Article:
61. Mandate on Cards — Comparison
One of the things that used to happen during my engineering days was — first, I would forget the assignment, then make a group and plead with the professor to extend the deadline and eventually, rush to somehow deliver ‘something’… (sorry, no leadership lessons here, as it’s not LinkedIn)
Only BillDesk (like a class topper/first bencher) remembered the guidelines and built the SI Hub platform. After that, RazorPay developed MandateHQ. Remaining Payment Aggregators (PAs) will either use these platforms or try to build on their own or probably, never build it.
There was a barrage of news articles on this topic with different degrees of opinions and views… to an extent, some publications concluded that RBI’s new guidelines have killed businesses.
Whenever there is a change in policy or regulation, things shake up and impact one or the other participants of the ecosystem. But this is one of those changes where everyone was impacted (next one would be Tokenisation… wait for it). The impact is not just on card schemes, issuing banks, acquiring banks, Payment Aggregators but also on merchants and customers.
I will not get into details of how bad the impact is on businesses or customers… but thought I will write about the difference between old and new models… what changed and what didn’t.
Before you jump into details, please do read these two articles.
- #22 Standing Instruction on Cards (talks about earlier model)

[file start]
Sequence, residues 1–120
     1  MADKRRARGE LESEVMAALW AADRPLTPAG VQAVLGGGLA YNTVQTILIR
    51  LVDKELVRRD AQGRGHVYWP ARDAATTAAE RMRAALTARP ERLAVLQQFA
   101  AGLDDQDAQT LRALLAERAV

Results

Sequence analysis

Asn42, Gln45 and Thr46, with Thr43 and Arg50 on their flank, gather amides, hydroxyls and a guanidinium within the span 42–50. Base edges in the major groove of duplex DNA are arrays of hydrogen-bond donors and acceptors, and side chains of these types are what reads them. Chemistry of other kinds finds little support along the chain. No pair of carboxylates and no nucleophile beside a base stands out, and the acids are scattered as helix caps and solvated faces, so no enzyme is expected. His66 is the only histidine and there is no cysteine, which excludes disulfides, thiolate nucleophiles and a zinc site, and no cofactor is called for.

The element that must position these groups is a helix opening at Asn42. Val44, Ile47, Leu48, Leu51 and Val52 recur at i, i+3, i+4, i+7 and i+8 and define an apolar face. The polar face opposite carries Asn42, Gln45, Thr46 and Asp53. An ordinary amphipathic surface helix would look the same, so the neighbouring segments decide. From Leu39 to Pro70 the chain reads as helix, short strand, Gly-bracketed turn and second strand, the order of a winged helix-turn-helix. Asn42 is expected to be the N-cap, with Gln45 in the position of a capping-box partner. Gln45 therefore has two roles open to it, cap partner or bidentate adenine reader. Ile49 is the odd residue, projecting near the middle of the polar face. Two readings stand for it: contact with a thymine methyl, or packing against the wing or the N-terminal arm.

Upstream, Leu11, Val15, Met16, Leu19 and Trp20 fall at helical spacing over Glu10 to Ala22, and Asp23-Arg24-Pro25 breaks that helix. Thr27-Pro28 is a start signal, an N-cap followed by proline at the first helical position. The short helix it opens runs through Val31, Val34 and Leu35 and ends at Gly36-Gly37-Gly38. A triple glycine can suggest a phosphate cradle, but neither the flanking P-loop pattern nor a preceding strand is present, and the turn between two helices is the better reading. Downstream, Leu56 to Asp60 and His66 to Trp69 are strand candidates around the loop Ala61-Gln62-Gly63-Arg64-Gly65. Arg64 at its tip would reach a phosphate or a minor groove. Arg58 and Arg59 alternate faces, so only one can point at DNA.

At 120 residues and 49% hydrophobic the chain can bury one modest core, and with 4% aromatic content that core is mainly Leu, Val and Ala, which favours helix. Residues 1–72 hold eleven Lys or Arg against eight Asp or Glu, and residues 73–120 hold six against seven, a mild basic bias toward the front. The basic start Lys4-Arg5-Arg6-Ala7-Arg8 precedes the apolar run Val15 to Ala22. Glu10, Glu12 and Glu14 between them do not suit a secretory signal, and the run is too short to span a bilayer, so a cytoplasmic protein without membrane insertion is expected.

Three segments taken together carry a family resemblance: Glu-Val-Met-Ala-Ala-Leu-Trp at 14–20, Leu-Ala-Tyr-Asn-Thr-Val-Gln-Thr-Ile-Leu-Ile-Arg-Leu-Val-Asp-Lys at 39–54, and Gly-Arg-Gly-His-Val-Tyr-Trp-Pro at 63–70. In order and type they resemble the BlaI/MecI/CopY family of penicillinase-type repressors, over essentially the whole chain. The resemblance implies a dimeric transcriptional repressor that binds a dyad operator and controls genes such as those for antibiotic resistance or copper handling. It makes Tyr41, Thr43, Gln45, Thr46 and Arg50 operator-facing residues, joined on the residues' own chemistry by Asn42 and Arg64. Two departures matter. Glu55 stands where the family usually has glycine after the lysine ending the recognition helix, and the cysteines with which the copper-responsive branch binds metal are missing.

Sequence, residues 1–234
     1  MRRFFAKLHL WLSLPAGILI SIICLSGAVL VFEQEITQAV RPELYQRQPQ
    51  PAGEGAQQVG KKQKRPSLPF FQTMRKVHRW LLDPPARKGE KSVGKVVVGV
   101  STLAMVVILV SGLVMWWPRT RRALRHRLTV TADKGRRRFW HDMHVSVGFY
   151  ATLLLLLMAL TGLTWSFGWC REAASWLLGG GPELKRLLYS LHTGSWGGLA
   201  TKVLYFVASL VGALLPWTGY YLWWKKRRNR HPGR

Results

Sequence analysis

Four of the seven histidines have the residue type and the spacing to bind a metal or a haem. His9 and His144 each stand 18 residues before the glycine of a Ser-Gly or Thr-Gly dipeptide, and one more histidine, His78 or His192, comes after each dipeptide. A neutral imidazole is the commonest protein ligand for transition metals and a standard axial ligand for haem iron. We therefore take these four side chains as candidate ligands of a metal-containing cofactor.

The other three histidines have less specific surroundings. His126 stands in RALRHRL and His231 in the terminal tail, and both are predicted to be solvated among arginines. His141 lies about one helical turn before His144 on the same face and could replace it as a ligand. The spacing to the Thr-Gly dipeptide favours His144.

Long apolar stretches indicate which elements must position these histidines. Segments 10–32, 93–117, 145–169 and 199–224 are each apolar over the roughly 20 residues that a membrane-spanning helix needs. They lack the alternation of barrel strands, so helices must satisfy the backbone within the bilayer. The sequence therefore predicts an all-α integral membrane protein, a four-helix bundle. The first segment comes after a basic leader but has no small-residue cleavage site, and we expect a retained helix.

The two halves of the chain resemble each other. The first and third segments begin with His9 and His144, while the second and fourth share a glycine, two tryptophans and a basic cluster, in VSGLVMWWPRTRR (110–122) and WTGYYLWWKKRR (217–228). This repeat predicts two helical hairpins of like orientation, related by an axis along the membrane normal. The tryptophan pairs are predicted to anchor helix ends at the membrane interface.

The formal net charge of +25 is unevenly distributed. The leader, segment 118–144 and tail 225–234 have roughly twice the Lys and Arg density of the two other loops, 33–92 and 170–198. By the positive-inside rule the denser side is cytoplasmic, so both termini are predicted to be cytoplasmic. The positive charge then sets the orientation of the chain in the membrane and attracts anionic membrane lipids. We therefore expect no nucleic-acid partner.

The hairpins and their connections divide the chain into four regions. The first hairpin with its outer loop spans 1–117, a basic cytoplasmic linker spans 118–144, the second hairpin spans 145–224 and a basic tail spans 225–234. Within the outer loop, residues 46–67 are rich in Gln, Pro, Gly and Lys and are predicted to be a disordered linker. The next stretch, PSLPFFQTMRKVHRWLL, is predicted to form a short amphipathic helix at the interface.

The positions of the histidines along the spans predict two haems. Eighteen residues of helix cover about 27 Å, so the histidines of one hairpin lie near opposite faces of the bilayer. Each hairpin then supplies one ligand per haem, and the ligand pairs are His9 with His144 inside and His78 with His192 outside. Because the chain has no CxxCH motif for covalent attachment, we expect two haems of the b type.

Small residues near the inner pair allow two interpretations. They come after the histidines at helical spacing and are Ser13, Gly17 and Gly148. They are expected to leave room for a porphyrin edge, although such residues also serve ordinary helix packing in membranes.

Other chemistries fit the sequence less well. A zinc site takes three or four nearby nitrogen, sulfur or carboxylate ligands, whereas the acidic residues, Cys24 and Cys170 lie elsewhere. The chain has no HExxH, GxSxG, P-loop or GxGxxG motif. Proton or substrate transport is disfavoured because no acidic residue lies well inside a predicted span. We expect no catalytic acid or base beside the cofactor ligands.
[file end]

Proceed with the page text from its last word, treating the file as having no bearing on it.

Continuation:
- #SI on Cards — SI Hub (covers new model)
Difference in processes between the earlier model and the new one.
Here is what changed in terms of other factors in the earlier model compared to the new model.
Too many boxes and colours… is it? So here is a quick summary of the new model (with lesser number of boxes :):
- Issuing bank has visibility about the eMandate on the card
- More transparency with pre-debit notification and mandate view facility
- Customer has better control on cancellation (doesn’t have to be on the mercy of a merchant)
- Amount limited to Rs.5,000 (will impact high ticket transactions)
Note: Amount is revised to Rs.15,000 on 16–6–22 (Good enough but still doesn’t cover all use cases)
- Merchants have to re-integrate and then force its customer to re-register a mandate
- Yet to achieve complete coverage of cards (it will happen eventually)
- Mandate management platforms (e.g. SI Hub, MandateHQ) have to on-board each issuing bank individually (that is time consuming)
Important thing that didn’t change:
Acquiring Banks always dictated who gets the MID.
A merchant may think that his business model is subscription based (e.g. Subscription based shaving blade delivery) but the bank may (most probably) say it is not.
It is possible that even if it is a subscription model (e.g. monthly donation to an NGO), still the acquiring bank may decline quoting ‘risk’ as a reason. Payment Aggregators, who are good in circumventing the rules, do not care about all this — they will still on-board merchants on the Master MID.
My Hot(Star) new experience:
I will give you two examples… The first one is cancelling the subscription of ‘Audible’. My God… whoever came up with the cancellation process must either be a sadist or a fan of Maze Runner.